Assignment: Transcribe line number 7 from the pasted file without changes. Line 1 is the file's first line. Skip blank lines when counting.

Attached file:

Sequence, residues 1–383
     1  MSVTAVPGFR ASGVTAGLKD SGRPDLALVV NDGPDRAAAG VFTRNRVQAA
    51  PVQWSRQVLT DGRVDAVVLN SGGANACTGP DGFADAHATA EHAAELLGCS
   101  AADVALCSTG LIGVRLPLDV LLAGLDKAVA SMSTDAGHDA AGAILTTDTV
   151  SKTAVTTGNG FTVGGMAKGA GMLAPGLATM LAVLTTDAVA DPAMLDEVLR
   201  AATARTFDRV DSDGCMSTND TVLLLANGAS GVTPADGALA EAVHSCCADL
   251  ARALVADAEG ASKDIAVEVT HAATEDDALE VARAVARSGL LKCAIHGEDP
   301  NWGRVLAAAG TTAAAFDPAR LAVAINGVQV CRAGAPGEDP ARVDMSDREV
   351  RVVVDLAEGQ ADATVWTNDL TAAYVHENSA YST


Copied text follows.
   251  ARALVADAEG ASKDIAVEVT HAATEDDALE VARAVARSGL LKCAIHGEDP